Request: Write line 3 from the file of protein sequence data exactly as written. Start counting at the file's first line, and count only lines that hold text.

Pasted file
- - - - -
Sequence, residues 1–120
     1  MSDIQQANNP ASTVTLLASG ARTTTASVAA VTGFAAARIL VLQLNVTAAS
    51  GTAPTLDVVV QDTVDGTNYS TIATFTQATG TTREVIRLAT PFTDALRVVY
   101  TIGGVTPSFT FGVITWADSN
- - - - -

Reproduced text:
    51  GTAPTLDVVV QDTVDGTNYS TIATFTQATG TTREVIRLAT PFTDALRVVY